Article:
Saturday I attended a couple of workshops about "New Media" ("Experiments in new media: Beautiful failures and startling successes" before lunch and "Rebooting science journalism: Adapting to the new media landscape" afterwards.) Together they convinced me that neither revolution nor evolution are the right metaphors for the impact of digital media.
A better model for what's happening in our profession is a forced migration. Old niches (like "science beat reporter" or "science writer for magazines") are drying up, so we're stampeding into new media. Not because they're better than our old watering holes in print and radio and TV, but because we have no choice. More and more of us find now that only digital media give us access to the public. Afternoon panelists Emily Bell (Columbia Journalism School) and Bora Zivkovic (new director of Scientific American's blogs) both explained the situation with rather unnerving detachment: it's no longer the case in 2010 that people can expect to make a decent living as "science journalists."
Both also said that science journalism itself would keep thriving. (Be comforted, about-to-be-extinct stegosaurus. The reptile class as a whole is secure.) How can this be? Essentially, it's because digital tools empower people to create good science journalism without getting paid. They can, like the award winning blogger Ed Yong, produce great blog posts about science in their off-hours, when they aren't at their day jobs. Or they can use social media to get once-passive readers to supply content for free. (My fellow-fellow Cori Vanchieri blogged the "beautiful failures" workshop, and provides a fine guide to many of these social-media tools in this post, so I won't reinvent that wheel. There are also good tutorials and summaries at zombie journalism, as a couple of panelists pointed out.)
For people used to traditional journalism, it's important not to be the kind of emigrant who refuses to learn the new language or otherwise adapt to a new country. We shouldn't, for example, nostalgically think of "old media" as a lost paradise. As one questioner in the afternoon workshop noted, there are plenty of over-hasty stories, misunderstood concepts and recycling of press releases in print and broadcast science journalism. (In fact, as you can read in this 2005 Economist story, the political scientist Matthew Hindman found when he compared star bloggers to star newspaper journalists, the bloggers were more likely to have an advanced degree.)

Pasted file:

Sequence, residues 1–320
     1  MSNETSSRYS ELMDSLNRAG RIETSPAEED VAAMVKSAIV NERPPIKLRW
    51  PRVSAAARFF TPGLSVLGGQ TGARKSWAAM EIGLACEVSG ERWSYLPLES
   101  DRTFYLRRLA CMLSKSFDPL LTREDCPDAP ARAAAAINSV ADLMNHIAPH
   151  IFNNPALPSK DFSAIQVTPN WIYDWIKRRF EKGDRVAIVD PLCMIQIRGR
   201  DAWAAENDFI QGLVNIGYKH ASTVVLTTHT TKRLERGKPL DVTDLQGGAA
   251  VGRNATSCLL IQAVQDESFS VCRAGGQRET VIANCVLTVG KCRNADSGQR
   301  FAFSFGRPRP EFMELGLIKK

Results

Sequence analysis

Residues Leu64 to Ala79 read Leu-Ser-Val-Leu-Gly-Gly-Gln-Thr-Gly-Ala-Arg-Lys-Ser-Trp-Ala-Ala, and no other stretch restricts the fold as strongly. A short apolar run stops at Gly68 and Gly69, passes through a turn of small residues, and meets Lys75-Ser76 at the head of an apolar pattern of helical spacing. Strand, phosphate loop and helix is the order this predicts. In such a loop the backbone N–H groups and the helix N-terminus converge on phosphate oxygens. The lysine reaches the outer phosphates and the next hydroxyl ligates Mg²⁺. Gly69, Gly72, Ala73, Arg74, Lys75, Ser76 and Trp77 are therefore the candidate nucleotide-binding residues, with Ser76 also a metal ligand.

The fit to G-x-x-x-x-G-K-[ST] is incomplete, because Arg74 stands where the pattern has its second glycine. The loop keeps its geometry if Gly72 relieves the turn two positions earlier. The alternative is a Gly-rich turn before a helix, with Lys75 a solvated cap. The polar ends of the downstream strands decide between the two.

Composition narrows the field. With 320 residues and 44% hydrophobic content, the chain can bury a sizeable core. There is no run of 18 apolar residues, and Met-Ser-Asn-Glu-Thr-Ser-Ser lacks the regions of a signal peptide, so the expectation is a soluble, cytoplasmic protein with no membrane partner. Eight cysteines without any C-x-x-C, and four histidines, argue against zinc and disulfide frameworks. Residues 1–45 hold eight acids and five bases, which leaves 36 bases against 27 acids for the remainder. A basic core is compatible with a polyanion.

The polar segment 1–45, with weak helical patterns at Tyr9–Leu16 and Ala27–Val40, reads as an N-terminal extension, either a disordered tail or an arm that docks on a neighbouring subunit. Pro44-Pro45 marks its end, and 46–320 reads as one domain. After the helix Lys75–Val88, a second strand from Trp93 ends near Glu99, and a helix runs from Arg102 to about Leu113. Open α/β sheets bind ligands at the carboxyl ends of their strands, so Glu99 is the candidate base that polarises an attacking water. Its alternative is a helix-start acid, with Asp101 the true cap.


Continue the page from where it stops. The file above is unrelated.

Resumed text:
But other common migrant's error is to tell ourselves that everything about the new place is bright and beautiful and great, while the old country was awful. Yes, as the morning panel showed, social media lets us do great things we couldn't do before, like engaging the audience in real conversation. Yes, as Zivkovic said, blogs read well because they're not constrained by the conventions of old journalistic forms. Yes, this stuff is fun, and there's nothing wrong with enjoying ourselves. "There's a huge value in doing things because they're fun," said Mark Coatney, one of the morning panelists who is now the "media evangelist" for tumblr.com. Your own enjoyment is a good predictor of your audience's, he said.
Trouble is, no one knows how our new media environment will support good journalism about science. Standards of quality for online journalism don't exist (part of Bell's new job at the Tow Center at Columbia Journalism School, she said, is to create these). There are things that old-media approaches could do—supply a travel budget to research a story, support a month's worth of real research before producing a word—that we don't see in "new media" tools of science journalism.
It's easy to caricature such reservations as what's-in-it-for-me self-interest, but I don't think that's fair. Our problem as our profession migrates from the old familiar niches is that we don't really know where we're going to. We're taking part in an ongoing media experiment. And the essence of an experiment, of course, is that the experimenter doesn't know how it ends.